-Walter Tyrone Howard-


The Bachelor and the Bobby Soxer (1947, Directed by Irving Reis) English 6

Starring Cary Grant, Myrna Loy, Shirley Temple, Ray Collins, Rudy Vallée, Harry Davenport, Johnny Sands, Lillian Randolph

The Bachelor and the Bobby-Soxer (1947) – MUBI

(6-Good Film)

Familiar. Zany. Modest.

Margaret: I’ve never been subjected to so much charm before.

Cary Grant is a local artist named Richard Nugent with a reputation for being a womanizer. Judge Margaret Turner (Loy) knows all about his reputation. She meets him in court one afternoon after a fight breaks out between two women arguing over him. Still, she can’t help falling for him even while trying to get her younger, teenaged sister, Susan (Temple), to snap out of her infatuation for the man. The entire premise is ludicrous, even for a screwball comedy, but all that’s really needed is a contrivance to get these three stars together and it does the job. I do wish Grant and Loy had more time together on screen as they’re usually only together when surrounded by other characters.

-Walter Tyrone Howard-


The Mating Season (1951, Directed by Mitchell Leisen) English 7

Starring Gene Tierney, John Lund, Thelma Ritter, Miriam Hopkins, Jan Sterling, Larry Keating, James Lorimer, Ellen Corby

The Mating Season (1951) / AvaxHome

(7-Very Good Film)

Witty. Clever. Likable.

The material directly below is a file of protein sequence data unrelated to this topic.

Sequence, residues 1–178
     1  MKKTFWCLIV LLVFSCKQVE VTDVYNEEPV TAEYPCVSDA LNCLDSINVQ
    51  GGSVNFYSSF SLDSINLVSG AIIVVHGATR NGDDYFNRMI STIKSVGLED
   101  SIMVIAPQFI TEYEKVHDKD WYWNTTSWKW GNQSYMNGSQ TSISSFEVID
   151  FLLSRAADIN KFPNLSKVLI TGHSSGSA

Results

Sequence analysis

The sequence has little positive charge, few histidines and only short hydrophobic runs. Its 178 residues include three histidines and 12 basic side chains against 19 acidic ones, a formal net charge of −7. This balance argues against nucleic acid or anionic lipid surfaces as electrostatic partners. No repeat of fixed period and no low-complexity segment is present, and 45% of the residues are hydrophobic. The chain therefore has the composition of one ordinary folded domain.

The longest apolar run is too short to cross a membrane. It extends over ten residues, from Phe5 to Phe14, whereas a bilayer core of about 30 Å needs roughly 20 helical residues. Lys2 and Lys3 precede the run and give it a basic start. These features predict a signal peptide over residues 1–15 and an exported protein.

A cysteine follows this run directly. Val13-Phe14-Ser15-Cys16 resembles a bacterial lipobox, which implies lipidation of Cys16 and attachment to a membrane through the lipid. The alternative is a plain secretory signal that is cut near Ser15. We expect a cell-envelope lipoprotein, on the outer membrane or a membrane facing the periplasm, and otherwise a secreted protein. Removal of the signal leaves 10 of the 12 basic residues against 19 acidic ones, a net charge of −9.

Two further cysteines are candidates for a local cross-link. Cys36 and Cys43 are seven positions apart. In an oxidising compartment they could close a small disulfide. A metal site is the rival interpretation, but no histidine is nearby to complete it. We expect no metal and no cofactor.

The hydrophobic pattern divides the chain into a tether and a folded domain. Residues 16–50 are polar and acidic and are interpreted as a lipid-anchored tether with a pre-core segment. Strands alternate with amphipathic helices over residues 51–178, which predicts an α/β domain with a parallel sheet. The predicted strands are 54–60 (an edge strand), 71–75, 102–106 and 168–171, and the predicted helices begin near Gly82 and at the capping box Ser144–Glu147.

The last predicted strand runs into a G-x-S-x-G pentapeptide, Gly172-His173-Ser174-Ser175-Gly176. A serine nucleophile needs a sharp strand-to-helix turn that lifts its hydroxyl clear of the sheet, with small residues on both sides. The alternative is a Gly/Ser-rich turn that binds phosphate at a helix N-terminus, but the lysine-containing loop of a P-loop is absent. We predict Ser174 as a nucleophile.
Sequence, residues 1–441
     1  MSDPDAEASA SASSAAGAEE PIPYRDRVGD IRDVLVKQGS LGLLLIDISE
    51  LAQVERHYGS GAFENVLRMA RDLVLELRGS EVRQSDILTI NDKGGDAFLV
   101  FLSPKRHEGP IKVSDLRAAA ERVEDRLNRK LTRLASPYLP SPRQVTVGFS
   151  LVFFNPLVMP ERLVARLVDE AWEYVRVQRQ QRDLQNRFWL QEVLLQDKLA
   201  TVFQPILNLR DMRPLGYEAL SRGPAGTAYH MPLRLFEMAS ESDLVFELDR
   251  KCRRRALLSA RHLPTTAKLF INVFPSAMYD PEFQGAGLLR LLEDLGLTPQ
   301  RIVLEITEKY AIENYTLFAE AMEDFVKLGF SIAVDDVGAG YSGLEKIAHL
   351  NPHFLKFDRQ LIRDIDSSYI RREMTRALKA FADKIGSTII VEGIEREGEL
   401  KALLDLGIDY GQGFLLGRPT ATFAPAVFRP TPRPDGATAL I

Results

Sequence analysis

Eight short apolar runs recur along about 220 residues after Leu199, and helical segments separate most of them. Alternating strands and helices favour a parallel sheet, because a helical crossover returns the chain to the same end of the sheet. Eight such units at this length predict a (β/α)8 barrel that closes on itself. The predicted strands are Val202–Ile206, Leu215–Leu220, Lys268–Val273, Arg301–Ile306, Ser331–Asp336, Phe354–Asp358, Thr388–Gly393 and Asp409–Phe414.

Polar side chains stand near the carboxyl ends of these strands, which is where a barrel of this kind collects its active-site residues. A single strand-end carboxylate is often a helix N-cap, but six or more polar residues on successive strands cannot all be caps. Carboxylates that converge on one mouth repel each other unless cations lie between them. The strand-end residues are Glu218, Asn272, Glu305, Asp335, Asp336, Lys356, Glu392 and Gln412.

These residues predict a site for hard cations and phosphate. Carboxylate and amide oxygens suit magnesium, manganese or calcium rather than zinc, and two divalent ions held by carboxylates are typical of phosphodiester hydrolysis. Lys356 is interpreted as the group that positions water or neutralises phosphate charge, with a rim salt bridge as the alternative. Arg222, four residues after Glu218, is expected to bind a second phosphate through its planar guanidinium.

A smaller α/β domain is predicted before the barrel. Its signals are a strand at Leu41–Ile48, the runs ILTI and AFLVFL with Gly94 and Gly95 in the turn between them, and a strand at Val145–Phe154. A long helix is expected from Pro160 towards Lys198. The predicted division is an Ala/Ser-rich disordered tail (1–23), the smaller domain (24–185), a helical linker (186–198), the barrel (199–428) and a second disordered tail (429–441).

Ellen McNulty: [to Val, the newlywed] This is your mating season, you’re entitled to be alone.

Who wants their mother to stay with them during their honeymoon? Loving, loyal son, Val McNulty (Lund) does after finding out that his mother, Ellen (Ritter), lost her restaurant and has no place to stay. He asks her to move in with him and his new wife, Maggie (Tierney), though the two have only recently married and are still setting up in their apartment for a life together. Ellen accepts only after a series of misunderstandings leads Maggie to offer her a job as the maid, not knowing that she was talking to her new mother-in-law.  Soon enough, Maggie’s mother, Fran (Hopkins), moves in too, and chaos reigns. Quick, clever late-screwball comedy with a rare starring role for the magnificent Thelma Ritter. As tough and acerbic as her persona is, she’s never been anything less than endearing. Tierney’s character strikes me as overly difficult at times during this movie but it all works out in the end, of course.